Graphic Novel Review: Extra Credit

The Hypo: The Melancholic Young Lincoln is a semi-fictional story of a younger Abraham Lincoln as he struggles with depression and the struggles of his adult life with a law firm, his friendships, and his growing romance with Mary Todd against her family’s disapproval. The novel ends on a happy note with he and Mary marrying and him getting back on his feet.

The art style is very distracting. The character lines aren’t smooth, which gives it a unique style but causes a problem with a character changing slightly between panels. Combine that with many of the characters looking identical, following the dialogue closely is a necessity. This was before Lincoln grew his iconic beard, so he had no distinctive features.

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Noah Van Sciver; two men who look identical. Only the suspenders differentiate between the two.

Sometimes I would get lost in who was speaking until someone mentioned another character’s name. What’s worse is that many of the women share the same face as the men, leading to several somewhat hilarious misunderstandings on my part. The backgrounds are simple, so paying attention to a character’s location relative to the setting doesn’t help.

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Noah Van Sciver; A woman and a man have the same face style.

One thing the style does right is creating the feeling of isolation and darkness of depression. The sketchy, cross hatching of the shading gives a dark, rough texture that encloses the characters and gives a looming feeling. Sometimes parts of a character would be swallowed by darkness.

From a narrative standpoint, it’s very well done. Most of the story is told through visuals and dialogue between characters, with one or two instances of narration giving the year and the location. However, there is an instance about two-thirds of the way through the book where a paragraph describes many things that we had just seen only pages before. This

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Noah Van Sciver; Narration bubble that tells rather than shows

is a very poor instance of telling rather than showing. The author describes how depression is starting to hit Lincoln hard, but a more powerful tool would have been to visually show his plunge into a pit of despair. That narration
bubble is very out of place among a much more visual story.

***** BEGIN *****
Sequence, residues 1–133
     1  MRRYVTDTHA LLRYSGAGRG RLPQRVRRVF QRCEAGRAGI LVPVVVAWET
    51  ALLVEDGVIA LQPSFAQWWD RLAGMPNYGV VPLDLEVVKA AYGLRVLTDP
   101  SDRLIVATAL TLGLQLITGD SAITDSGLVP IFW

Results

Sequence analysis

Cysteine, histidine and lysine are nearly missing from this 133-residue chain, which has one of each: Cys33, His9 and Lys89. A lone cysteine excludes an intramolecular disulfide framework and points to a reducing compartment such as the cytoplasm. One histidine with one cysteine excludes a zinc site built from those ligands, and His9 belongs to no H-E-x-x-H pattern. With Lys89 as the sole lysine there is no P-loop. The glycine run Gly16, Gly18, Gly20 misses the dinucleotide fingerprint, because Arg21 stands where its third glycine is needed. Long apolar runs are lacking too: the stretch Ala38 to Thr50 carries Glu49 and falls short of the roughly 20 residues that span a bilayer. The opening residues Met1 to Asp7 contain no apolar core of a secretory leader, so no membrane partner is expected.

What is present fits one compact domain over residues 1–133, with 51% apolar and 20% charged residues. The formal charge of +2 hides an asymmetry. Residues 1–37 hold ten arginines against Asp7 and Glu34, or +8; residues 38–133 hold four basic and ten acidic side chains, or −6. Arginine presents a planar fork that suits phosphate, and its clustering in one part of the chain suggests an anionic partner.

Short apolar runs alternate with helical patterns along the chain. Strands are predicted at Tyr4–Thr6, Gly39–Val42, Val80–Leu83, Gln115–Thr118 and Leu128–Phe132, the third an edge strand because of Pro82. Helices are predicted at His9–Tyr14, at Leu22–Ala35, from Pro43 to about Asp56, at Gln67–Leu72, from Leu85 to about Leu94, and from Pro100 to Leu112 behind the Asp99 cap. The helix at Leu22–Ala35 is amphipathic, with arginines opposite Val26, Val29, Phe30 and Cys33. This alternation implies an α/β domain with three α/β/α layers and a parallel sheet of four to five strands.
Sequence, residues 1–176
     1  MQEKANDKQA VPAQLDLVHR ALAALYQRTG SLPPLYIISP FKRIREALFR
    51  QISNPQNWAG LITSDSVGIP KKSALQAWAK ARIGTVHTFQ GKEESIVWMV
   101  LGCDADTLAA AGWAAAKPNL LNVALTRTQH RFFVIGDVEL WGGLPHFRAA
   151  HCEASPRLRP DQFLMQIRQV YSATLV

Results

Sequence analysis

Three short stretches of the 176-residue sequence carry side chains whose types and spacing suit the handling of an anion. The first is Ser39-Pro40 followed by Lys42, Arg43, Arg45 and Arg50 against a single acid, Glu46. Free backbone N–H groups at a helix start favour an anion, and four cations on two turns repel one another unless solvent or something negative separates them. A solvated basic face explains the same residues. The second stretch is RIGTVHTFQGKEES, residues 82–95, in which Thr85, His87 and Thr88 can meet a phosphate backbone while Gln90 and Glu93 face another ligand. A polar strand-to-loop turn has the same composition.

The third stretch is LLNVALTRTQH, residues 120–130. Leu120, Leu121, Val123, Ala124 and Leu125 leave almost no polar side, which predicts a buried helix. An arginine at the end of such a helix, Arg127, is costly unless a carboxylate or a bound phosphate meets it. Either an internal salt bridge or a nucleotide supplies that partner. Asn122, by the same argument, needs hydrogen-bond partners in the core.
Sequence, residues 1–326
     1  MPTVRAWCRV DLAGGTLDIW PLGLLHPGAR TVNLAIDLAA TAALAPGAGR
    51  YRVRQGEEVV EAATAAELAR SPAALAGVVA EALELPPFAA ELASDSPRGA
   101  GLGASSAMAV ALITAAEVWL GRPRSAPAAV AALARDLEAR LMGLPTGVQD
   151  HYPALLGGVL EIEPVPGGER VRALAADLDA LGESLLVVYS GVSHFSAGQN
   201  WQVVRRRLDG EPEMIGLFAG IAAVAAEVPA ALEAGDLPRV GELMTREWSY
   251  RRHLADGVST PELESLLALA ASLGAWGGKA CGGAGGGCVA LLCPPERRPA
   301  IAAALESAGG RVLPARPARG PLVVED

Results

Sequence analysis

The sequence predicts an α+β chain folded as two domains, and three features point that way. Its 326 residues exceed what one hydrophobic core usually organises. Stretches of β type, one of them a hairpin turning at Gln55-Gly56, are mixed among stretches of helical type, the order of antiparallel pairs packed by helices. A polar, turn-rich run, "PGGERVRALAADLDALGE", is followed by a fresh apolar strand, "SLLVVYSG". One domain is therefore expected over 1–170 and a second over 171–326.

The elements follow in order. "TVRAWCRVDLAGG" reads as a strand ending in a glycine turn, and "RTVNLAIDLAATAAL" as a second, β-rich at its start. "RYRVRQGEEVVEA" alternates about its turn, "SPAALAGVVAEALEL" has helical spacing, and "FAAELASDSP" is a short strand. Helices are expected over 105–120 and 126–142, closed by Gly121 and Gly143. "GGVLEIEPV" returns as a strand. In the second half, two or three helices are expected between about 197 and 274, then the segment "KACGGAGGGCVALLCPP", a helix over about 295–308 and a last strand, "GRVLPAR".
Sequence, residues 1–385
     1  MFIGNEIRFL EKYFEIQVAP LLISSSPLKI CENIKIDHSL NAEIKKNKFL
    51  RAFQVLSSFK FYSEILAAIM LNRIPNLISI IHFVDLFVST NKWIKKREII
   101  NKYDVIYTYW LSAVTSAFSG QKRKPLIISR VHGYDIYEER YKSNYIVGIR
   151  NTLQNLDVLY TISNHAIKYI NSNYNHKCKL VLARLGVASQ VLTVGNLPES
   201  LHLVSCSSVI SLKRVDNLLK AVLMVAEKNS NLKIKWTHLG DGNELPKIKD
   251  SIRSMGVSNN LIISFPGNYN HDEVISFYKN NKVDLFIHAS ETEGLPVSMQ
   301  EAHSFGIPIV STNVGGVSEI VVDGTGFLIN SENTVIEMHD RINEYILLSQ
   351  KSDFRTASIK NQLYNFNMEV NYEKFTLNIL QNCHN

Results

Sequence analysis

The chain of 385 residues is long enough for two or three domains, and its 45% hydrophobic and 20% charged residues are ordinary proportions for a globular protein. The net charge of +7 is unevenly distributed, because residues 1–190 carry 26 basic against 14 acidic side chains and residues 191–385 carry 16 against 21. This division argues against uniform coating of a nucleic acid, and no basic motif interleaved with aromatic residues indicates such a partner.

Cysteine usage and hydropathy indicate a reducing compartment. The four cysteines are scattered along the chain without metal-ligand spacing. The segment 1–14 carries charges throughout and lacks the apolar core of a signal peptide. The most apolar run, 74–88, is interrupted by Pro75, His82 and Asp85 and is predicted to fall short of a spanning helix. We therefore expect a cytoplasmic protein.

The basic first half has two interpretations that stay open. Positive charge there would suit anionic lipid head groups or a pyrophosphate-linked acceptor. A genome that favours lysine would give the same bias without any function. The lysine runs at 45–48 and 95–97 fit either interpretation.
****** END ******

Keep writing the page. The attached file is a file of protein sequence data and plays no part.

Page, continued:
Another thing that bothered me was there were no page numberings. Every time I closed the book I had to remember the approximate location or book mark it, meaning it was an adventure trying to find where I left off. If the novel were to be broken into chapters, finding a specific page would be much easier. However, I’m left counting the pages myself to try to remember where I left off if I don’t have anything to mark the page with.
The book can be read in a single sitting and the story would have been easy enough to follow if the author chose a different art style. However, I personally found it difficult to get through. Unless a character had a unique physical trait, it was almost impossible to tell them apart. Its not a good sign when I cant tell the difference between the protagonist and a background character. It is my personal opinion that when you flip to a random page in a comic, you should be able to identify the main characters immediately. Clark Kent/Superman each have specific looks, Rorschach has a distinctive look, Wolverine has a distinctive look. If you flip to any page in their respective comics, you’d be able to find each character immediately. I think that was the biggest flaw of the novel. I love the concept. Most people know very little of Lincoln’s early years except that he was born in a log cabin. However, I feel like the character style really distracted from story. Over all, I give it a C+. Worth an attempt, I don’t regret it, but I’m not going to recommend it except to Lincoln enthusiast.

 

About Cora

This is my blog for school. If you want to seen anything interesting, look elsewhere.
This entry was posted in Archives, Fall 2017 Archive (336), Spring 2017 Archive (336), Uncategorized. Bookmark the permalink.

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